Those who abuse children and young people often use multiple ways of controlling and exerting power over their young victims.
While professionals may talk about different forms of abuse – physical, emotional and sexual – the reality is that a lot of child abuse is a combination of these.
Parents who use verbal threats, emotional abuse and neglect to exert control over their children are likely to hit them too.
Adults who sexually abuse young people will certainly be subjecting them to emotional abuse and physical abuse too.
Like all abusers, child abusers are seeking power and control to get what they want, i.e. obedience, silence, labour or sexual gratification.
Being abused has a big impact on a child’s emotional well-being, and self-harming and risk-taking behaviour are not uncommon.
This is when an adult hits, pushes, punches, kicks, burns or otherwise physically hurts a child, leaving them with bruises, burns, cuts, broken bones, or even unconscious.
Frequently, the abuse comes down to an adult’s inability to control their temper, e.g. thumping a young person in an argument, or vigorously shaking a crying baby.
Some forms of physical abuse may be premeditated with warnings issued, e.g. a parent threatens to lock a child in a cupboard if they annoy them.
Sometimes, a parent might sedate a child unnecessarily or give them medication for non-existent symptoms and illnesses.
Shaken baby syndrome is when a baby or young child is shaken forcefully. It can cause brain damage and even death.
Physical assault is a criminal offence.
Smacking children is a controversial issue. The Welsh Government does not believe parents should be able to use physical punishment to discipline their children and plans to remove the ‘reasonable punishment’ defence for parents who still smack.
Smacking is a criminal offence if it results in actual harm to the child and parents can be prosecuted.
It is illegal for teachers, nursery staff or other care workers to smack children.
Emotional abuse occurs when a child or young person is continually criticised, dismissed, threatened or ignored by an adult they can expect to trust.
The abuse may include name-calling, harassment or bullying. It might also involve forcing a child or young person to do something against their wishes, e.g. engaging in sexual or criminal activities. Forced marriage is a form of abuse and is illegal in the UK.
Emotional abuse can be difficult to spot because there are usually few visible signs it is happening. It can be very subtle and its effects can build up over a long time.
The emotional abuse of a child or young person is not their fault, despite what their abusers may tell them.
Sexual abuse occurs when a child or young person is forced or persuaded to take part in a sexual activity. There may be actual physical contact or the abuse might take place online, e.g. posting sexual images.
In the UK, the age of consent to any form of sexual activity is 16 for both men and women, whether they are heterosexual, homosexual or bisexual.
Even when a young person is over 16, coercing them into sexual activity is a criminal offence.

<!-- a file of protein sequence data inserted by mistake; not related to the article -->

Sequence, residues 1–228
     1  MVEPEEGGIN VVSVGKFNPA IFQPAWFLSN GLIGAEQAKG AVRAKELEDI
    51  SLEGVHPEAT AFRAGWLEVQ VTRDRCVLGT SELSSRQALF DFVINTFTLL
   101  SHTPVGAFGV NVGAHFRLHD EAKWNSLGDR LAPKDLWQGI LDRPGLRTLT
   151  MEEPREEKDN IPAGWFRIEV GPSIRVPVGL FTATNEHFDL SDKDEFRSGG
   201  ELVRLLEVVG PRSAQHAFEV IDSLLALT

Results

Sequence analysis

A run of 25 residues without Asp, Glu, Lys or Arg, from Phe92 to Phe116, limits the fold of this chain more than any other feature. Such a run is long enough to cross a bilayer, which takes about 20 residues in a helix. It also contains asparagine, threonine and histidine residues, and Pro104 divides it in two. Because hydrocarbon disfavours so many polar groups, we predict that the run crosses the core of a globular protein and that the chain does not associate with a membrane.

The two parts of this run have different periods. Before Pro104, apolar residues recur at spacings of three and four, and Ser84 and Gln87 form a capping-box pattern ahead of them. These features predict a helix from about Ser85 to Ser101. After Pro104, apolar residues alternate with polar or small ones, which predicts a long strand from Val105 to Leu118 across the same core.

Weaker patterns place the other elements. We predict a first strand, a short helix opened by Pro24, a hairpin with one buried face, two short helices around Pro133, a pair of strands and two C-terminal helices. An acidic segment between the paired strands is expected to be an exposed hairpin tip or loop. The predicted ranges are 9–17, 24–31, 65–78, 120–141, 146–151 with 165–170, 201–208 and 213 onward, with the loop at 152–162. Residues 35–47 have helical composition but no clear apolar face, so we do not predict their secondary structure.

In some situations, the sexual activity may appear to be consensual; however, differences in power and influence can make it very difficult for the victim to say ‘no’ to the abuser. Incest and forced prostitution are forms of sexual abuse.
The NSPCC has more information on the sexual abuse of children.
Recognising the signs of child abuse
Children will often go to great lengths to hide the fact that they are being abused, especially if the abuser is a parent or close family member. They might be scared of the consequences of speaking out, or fear they won’t be believed.
Your suspicions should be aroused if a child has unexplained bruising, cuts, burns or other injuries, is unhappy, distressed or frightened, seems withdrawn (or aggressive), shows signs of physical neglect, starts bedwetting or having nightmares, tries to avoid their abuser or is having difficulty concentrating at school.
Stopping child abuse
Safeguarding children and young people from abuse is everyone’s responsibility.
If you suspect a child is being abused, report your concerns immediately (you do not need to leave your name). Don't wait until you are 100% certain – it could be too late. Your call could save a child’s life.
Ring the police on 101 or contact your council’s Local Safeguarding Team. In an emergency, call 999. If your concerns are about a child of school age, ask to talk to the school’s designated child protection teacher.
Social workers have a legal duty to investigate any concerns about a child or young person under 18 if they are made aware that they might be at risk from abuse or neglect.
Live Fear Free is an all-Wales website providing advice about abuse, how to recognise it and who to turn to for support.
Stop it Now! supports parents and others to recognise and prevent the sexual abuse of children.
NSPCC Cymru has information about child protection. Call: 0808 800 5000.
Childline supports all children and young people under 19. Call: 0800 1111.
The Survivors Trust Cymru supports victims of rape and sexual abuse across Wales. Tel: 0808 801 0818.